India Conquers Perth

If you had asked any cricket journalist or commentator about the Perth Test, they would have all marked it down as one for Australia. Everybody acknowledged that India had no chance at the WACA. I was one of them as well and we all were shown up to be a little foolish with our predictions.

Yes, the pitch did have both pace and bounce, although not as much as advertised, but the fact is India bowled better on it than Australia. The two left arm bowlers for India, RP Singh and Irfan Pathan swung the ball consistently, with Pathan making a fantastic comeback to the team with both bat and ball. He got the two Australian openers in both innings and got absolutely vital runs with the bat in the second innings. But, the find of the tour has been Ishant Sharma. His bowling to Ricky Ponting in the first session of the fourth day was incredible. He bowled 7 of the most incisive overs to the best batsman in the world and gave him a complete working over. Sharma nipped the ball into Ponting’s hip, his abdomen, and his pads before finally nailing him with the one that shaped in and then held its line off the pitch. That was the wicket India wanted in the morning session and Sharma delivered. It was a champion’s performance, and to think that the kid is only 19 years old. Unbelievable.

Anil Kumble’s has led his team wonderfully well on this tour, and his captaincy was once again spot on. His bowlers responded well, and he himself chipped in with the vital wicket of Andrew Symonds, whose luck with the umpires seems to have finally deserted him. Just when it looked like Australia might get some momentum going with Michael Clarke and Adam Gilchrist building a mini partnership, Kumble threw the ball to Sehwag who promptly got drift and sharp turn to bowl Gillie around his legs. Dhoni capped off his excellent performance behind the stumps with a stunning stumping of Clarke. Mitchell Johnson and Stuart Clark threw their bats at everything causing a few flutters, before Pathan came back to restore common sense with the second new ball. It was a terrific team performance from India and to comeback in such a stunning manner after being robbed at the Sydney Test speaks volumes of the spirit that exists in the team.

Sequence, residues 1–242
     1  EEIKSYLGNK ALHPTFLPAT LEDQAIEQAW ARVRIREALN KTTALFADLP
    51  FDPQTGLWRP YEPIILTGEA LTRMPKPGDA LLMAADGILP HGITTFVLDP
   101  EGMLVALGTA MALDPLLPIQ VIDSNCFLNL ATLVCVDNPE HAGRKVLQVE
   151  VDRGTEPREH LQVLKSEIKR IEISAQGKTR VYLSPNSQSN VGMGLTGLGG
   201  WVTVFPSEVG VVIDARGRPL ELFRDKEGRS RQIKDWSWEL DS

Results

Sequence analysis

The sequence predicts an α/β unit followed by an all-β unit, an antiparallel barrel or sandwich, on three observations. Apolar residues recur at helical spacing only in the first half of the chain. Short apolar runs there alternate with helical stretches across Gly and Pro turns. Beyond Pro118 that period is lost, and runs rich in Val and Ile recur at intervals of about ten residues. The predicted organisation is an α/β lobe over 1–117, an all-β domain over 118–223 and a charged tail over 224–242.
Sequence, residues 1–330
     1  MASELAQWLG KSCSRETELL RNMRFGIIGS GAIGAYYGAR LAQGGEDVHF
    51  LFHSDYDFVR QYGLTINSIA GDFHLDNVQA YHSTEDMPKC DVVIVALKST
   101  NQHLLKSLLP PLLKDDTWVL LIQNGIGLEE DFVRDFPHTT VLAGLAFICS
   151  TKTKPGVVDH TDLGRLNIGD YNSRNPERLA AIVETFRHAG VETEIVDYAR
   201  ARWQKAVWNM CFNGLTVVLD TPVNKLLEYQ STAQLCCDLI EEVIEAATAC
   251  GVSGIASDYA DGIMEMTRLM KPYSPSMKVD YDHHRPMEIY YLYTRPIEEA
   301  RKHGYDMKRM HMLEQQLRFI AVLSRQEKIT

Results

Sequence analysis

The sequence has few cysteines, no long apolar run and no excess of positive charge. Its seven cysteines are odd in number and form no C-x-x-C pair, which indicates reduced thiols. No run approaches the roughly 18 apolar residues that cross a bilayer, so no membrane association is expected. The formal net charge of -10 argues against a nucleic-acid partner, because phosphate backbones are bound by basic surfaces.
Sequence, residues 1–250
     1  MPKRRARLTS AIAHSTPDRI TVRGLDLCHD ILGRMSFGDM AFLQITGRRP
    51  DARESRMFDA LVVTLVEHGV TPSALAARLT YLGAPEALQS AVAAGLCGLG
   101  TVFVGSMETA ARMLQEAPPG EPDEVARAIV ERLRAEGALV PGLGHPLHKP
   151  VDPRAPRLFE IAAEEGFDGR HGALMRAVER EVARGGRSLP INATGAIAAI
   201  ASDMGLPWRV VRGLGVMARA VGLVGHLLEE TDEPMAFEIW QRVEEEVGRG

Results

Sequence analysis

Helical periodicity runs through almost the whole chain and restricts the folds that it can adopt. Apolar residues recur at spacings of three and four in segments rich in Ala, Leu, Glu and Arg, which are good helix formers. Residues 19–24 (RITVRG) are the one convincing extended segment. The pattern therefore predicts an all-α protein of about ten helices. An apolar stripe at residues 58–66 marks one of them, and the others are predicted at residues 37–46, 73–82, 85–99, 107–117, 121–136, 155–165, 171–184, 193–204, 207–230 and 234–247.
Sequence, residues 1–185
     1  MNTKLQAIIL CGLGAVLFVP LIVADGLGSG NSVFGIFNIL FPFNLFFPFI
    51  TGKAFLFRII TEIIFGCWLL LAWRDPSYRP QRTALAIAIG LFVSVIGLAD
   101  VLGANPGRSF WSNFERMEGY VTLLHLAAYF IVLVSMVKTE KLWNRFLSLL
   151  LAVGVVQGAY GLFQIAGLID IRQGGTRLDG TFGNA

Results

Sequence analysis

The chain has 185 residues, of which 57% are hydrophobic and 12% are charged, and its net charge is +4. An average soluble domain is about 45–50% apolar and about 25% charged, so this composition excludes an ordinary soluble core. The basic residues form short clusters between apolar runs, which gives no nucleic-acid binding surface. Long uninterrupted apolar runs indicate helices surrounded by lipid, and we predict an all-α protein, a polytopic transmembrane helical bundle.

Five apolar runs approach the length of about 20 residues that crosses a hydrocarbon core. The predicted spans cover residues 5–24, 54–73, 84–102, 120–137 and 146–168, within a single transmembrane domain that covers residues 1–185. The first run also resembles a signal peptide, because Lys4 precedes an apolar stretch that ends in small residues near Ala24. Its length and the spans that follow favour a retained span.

Australia cannot but think of how India has twice interrupted their record breaking streak of 16 wins right at the finish line. Australia loses and VVS Laxman has top scored for India once again, it is remarkable.

It is a beautiful game, this thing called cricket.



The Perth Comeback

That this Indian cricket team is no pushover away from home has been evident for quite a few tours, but their performance at Perth has been nothing short of outstanding. Anil Kumble set the tone in his pre-match comments about the hype surrounding the fast and bouncy pitch; “It's more mental than in the middle.” Kumble called Australia’s bluff, and by the second day not only had India’s three young fast bowlers out bowled Australia’s 4 pronged pace attack but Tendulkar and Dravid had put on a determined first day batting partnership that could yet define this Test match.